Oatmeal – Oatmeal is great in that it can be a filling comfort food, but also has a large number of healthy properties to actually make you feel better from the inside out. A complex carbohydrate, oatmeal can stimulate your brain to produce higher levels of the feel-good chemical serotonin. Serotonin can help you to feel calmer and less stressed.
Walnuts – If you’re looking for a healthy snacking option to control of your stress levels, walnuts are a great choice according to Penn State researchers. There is no denying the sweet, pleasant flavor of walnuts and they can be a tasty snack in-between meals or as part of a dessert. A one ounce (28 grams or 1/4 cup) serving is recommended.
Pistachios – Another food which is great for snacking and can also help to combat stress and anxiety in the long term is pistachios. Simply eating a snack-size portion of pistachios per day can lower vascular constriction when you are stressed, putting less pressure on your heart by further dilating your arteries. The rhythmic, repetitive act of shelling pistachios can actually be quite therapeutic!
Green Leafy Vegetables – Leafy greens should be a pivotal part of anyone’s diet. Along with helping to combat stress, leafy greens are full of nutrients and antioxidants which help to fight off disease and leave your body feeling healthier and more energized. Dark leafy greens, such as spinach or kale, are especially good for you. They are rich in folate and help your body to produce more mood-regulating neurotransmitters such as serotonin, the ‘feel-good’ chemical. Making leafy greens a part of your diet will help you to feel happier and less stressed out overall.
Fermented foods – Eating fermented foods such as tempeh or a plant-based yogurt can help to keep your gut healthy, which in turn will help to improve your mental health, reduce stress and anxiety levels. The beneficial bacteria found in fermented foods have a direct effect on your brain chemistry by transmitting positive mood and behavior regulating signals to your brain via the vagus nerve.
Foods that Stoke Stress:
A study published in Culinary Medicine by Uma Naidoo, MD, author of the book, “This is Your Brain on Food,” concluded that foods and substances that contribute to stress and anxiety fall into three major categories: caffeine, alcohol and artificial sweeteners.
Caffeine: according to Dr. Naidoo, “caffeine overstimulates regions of the brain that process threat.” In her research, she has found that caffeine stimulates the region of the brain that “…is activated when a predator is closing in on you.” Further, the caffeine shuts down the part of the brain that regulates anxiety. Results of her studies show that less than 100 mg of caffeine per day (one small cup of coffee) had little to no effect on anxiety; 100-400 mg of caffeine per day (1-2 regular cups of coffee) showed mixed results. However, having over 400 mg of caffeine per day showed significant increases in anxiety. Spoiler alert: it was noted that one Starbucks venti contained 475 mg of caffeine, so drink with caution.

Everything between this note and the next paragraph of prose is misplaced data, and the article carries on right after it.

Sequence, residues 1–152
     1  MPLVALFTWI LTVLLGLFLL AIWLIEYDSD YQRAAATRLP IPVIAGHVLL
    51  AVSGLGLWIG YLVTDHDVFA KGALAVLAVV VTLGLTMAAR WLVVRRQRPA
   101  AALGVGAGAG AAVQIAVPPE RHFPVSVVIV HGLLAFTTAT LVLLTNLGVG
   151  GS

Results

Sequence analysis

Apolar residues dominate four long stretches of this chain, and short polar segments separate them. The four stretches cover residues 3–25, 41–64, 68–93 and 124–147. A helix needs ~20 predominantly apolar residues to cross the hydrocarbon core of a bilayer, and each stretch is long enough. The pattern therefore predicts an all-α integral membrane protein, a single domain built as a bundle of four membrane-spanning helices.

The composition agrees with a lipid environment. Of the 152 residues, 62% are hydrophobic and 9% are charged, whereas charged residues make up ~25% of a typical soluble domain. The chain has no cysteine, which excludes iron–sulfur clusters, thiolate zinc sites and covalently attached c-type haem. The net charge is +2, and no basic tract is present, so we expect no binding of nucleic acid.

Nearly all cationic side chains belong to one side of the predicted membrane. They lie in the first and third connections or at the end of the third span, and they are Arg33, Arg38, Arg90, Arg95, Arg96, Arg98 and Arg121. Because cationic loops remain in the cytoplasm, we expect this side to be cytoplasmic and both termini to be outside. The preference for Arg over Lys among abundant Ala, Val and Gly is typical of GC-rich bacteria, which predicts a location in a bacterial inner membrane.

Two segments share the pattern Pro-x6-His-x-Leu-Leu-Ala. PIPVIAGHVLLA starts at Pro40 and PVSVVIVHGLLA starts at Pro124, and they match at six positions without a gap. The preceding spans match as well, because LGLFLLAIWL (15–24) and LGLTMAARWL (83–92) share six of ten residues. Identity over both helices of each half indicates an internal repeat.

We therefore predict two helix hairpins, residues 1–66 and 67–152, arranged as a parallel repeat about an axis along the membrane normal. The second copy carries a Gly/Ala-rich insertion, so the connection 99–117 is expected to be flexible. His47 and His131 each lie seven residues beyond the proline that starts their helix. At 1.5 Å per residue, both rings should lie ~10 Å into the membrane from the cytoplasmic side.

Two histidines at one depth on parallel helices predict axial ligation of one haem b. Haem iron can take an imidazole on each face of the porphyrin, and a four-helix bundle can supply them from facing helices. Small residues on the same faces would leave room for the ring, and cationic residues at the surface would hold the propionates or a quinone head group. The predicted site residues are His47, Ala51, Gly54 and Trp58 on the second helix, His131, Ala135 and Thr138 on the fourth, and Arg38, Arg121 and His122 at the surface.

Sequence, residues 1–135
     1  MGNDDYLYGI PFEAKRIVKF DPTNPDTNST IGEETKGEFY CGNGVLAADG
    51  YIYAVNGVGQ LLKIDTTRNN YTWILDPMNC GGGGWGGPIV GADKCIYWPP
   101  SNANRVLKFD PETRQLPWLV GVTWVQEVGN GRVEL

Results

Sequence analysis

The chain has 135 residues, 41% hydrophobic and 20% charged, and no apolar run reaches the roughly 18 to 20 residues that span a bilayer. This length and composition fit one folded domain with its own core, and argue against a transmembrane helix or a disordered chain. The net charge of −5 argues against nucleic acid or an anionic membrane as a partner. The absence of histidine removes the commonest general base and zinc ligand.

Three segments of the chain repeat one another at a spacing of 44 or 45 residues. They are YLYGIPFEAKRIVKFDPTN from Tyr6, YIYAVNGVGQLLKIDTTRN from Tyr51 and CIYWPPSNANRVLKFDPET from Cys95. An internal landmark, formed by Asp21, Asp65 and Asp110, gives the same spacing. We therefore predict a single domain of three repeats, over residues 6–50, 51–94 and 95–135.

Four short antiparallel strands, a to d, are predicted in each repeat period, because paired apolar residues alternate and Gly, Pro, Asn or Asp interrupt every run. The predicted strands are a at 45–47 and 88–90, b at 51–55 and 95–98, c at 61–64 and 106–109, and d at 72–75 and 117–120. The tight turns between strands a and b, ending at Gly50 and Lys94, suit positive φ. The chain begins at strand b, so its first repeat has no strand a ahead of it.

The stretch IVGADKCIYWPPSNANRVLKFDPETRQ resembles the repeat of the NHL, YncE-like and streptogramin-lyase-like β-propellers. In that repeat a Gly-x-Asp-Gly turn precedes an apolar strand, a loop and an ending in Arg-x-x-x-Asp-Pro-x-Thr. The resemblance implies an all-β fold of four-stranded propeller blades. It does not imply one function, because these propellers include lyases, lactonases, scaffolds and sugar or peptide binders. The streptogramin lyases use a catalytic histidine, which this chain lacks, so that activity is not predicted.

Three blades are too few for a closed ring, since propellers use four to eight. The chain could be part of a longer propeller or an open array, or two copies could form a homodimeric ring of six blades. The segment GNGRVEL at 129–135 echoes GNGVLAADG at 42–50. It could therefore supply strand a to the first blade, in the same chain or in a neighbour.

Alcohol: according to the study, “…the relaxation that alcohol provides comes at a significant price.” Dr. Naidoo states, “Regular alcohol intake can lead to significant disruption in sleep quality and this may be even more pronounced in people with anxiety. For those who suffer from social anxiety, Dr. Naidoo says, “Social anxiety more than quadruples the risk of developing an alcohol use disorder.”
Artificial Sweeteners: research shows that artificial sweeteners can trigger anxiety and panic attacks. According to the Dr. Naidoo, artificial sweeteners increase the ‘bad’ gut bacteria and have a negative affect on anxiety. “Sweeteners like aspartame have been directly linked with anxiety and should be avoided, or at the very least used in moderation.”
In his video vignette, “The Effects of Animal Protein on the Stress Hormone,” Dr. Michael Greger, MD, compares the impact of two different meals on the levels of stress hormone in the blood. “A single meal high in animal protein can nearly double the level of stress hormone in the blood within a half hour of consumption. Instead, give someone some barley soup, and a vegetable stir-fry on rice, and the stress hormone level goes down after the meal.” He described the health outcome of constant intake of animal protein. “Imagine if you did the meat, fish, dairy meal-after-meal, day-after-day. You could chronically stimulate your stress response axis, and increase the release of vasoactive hormones that can increase your blood pressure. And, all that extra cortisol release has been linked to increased risk for elevated blood levels of insulin, triglycerides, and cholesterol.”
Putting it All Together
In prior articles on stress, we saw the negative consequences of chronic stress and learned simple techniques to tame our reactions in stressful situations. Here we are learning how the power of our fork can either “choke” or “stoke” our stress hormone. Reading and understanding the knowledge is the first step, putting the information into action may be more difficult.
If you need help in this area, give me a call. As a Lifestyle Medicine Health Coach, I will partner with you to improve your quality-of-life and attain self-directed, lasting changes. From personal training to whole food, plant-based coaching, I have the experience, knowledge and skills to help you attain and maintain optimal health and vitality.